VICTORIA – Women affected by trauma and their loved ones will benefit from expanded mental health supports to help more families in B.C. thrive.

The ministry is investing $50,000 for the Bridges for Women Society to provide women and families throughout B.C. with expanded trauma counselling, recovery and referral supports to help build resilience.

“For too long, women affected by violence have struggled to access the mental health supports they need to rebuild their lives,” said Sheila Malcolmson, Minister of Mental Health and Addictions. “That’s why we are expanding services for women and their families who have not only experienced greater risk of violence, but who are also dealing with many added challenges due to the pandemic. I am grateful to Bridges for Women Society for partnering with us to support women and their families through a very difficult time in their lives.”

The society offers healing, education and employment programs for people in B.C. who identify as a part of the women’s community and who have been affected by violence or trauma at any time in their lives. It also offers programs that are trauma informed and aim to meet each woman where they are, without judgment or expectation.

“Women have been greatly impacted by the pandemic, some experiencing increased risk of violence and trauma,” said Grace Lore, Parliamentary Secretary for Gender Equity and MLA for Victoria-Beacon Hill. “This investment will benefit women in B.C. by providing the vital mental health services they need to recover.”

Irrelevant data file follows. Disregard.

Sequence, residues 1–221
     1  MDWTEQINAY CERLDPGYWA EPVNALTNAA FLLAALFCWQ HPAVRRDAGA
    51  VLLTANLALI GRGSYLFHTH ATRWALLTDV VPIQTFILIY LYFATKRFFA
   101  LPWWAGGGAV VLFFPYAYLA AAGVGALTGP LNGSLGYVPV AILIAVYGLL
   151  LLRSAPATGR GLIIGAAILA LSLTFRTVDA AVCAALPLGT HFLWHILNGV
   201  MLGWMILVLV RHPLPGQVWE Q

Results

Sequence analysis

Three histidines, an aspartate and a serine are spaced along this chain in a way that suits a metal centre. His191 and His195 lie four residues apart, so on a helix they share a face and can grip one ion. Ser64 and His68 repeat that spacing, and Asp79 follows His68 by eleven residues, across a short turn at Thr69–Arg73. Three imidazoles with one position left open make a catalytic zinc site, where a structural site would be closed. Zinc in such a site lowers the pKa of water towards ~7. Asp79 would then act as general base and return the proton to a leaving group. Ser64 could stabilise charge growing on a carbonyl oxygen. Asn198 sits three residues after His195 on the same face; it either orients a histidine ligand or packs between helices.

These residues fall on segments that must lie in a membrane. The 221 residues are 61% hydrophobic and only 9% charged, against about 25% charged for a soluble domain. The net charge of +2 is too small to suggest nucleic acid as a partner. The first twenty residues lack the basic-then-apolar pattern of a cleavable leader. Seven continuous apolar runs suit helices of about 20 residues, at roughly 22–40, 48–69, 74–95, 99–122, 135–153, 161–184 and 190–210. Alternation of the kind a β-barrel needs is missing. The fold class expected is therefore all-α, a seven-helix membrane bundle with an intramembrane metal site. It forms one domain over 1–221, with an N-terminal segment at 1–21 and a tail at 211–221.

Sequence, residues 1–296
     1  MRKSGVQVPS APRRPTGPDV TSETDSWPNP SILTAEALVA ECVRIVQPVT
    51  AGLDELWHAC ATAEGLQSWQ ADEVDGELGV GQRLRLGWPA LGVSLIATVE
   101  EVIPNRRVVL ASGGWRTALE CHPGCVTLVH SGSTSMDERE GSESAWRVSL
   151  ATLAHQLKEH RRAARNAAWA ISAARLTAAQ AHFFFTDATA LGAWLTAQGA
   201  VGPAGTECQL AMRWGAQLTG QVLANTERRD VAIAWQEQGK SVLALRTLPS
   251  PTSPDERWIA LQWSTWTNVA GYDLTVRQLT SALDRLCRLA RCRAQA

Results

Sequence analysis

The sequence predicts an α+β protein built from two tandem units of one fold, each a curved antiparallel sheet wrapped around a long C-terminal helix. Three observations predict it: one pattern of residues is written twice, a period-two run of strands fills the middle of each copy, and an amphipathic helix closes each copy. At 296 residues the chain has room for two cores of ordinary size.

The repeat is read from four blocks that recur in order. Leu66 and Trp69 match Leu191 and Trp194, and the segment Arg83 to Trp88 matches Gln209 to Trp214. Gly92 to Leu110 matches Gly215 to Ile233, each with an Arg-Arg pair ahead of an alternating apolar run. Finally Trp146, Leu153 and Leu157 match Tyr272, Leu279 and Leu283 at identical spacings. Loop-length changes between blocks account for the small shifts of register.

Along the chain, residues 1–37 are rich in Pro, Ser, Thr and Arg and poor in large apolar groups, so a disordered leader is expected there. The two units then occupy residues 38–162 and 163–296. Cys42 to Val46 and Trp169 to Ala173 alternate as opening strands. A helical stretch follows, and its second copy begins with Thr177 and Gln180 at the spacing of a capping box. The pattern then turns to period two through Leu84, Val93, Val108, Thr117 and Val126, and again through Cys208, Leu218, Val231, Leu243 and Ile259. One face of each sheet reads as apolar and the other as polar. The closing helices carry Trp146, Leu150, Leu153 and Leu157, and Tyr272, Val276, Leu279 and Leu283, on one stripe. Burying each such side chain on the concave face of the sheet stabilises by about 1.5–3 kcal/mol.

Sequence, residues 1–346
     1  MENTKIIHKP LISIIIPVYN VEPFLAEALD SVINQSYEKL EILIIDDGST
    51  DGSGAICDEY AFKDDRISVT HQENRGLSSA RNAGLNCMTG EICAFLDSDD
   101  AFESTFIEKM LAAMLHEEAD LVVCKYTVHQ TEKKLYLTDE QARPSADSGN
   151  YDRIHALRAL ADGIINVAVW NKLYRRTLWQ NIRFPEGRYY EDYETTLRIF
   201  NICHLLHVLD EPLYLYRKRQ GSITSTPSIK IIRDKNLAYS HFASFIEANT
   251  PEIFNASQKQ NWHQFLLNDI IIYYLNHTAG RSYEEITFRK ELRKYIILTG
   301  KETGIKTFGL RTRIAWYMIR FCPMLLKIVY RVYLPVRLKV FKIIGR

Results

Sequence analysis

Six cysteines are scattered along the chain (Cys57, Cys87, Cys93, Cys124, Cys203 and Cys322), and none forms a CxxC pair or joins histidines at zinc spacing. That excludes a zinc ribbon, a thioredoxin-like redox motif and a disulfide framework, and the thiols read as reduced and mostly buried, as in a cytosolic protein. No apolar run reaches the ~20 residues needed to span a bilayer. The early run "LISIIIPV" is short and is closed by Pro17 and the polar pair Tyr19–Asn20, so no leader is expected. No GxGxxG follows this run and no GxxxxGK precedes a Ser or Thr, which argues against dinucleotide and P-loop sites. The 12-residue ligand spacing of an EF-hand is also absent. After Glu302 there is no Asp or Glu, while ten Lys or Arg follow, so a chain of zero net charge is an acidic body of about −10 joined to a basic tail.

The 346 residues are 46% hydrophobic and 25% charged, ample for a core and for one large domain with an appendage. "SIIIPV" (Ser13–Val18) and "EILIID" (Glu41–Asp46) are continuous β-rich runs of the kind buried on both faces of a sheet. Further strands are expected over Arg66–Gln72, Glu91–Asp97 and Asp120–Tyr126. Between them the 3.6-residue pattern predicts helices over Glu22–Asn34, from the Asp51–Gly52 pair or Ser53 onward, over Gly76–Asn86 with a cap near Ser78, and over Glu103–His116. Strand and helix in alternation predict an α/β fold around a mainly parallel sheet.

The pandemic has had a disproportionate impact on women. Fifty-one per cent of women in B.C. report that their mental health has worsened during the pandemic. Women have also experienced increased risk of intimate partner violence, economic stress and increased caregiving responsibilities, as well as reduced connection to services, friends and family. Some women may also have experienced increased racism and other forms of systemic oppression.

“During the pandemic, more women have been affected by trauma, violence and abuse,” said Patricia Rawson, interim executive director, Bridges for Women Society. “We are grateful for this investment that provides funding for much-needed expanded supports for women and their families to heal and build connections.”

This investment supports the goal of improved access and better quality – ensuring equitable access to culturally safe and effective care outlined in A Pathway to Hope, B.C.’s roadmap to creating a seamless, comprehensive system of mental health and addictions care for everyone.

“The effects of trauma can raise issues around self-worth and ability to cope with the world,” said Gwen Davies, clinical counselling co-ordinator, Bridges for Women Society. “This funding has made a world of difference to the women we serve, supporting them to move into the world with renewed confidence.”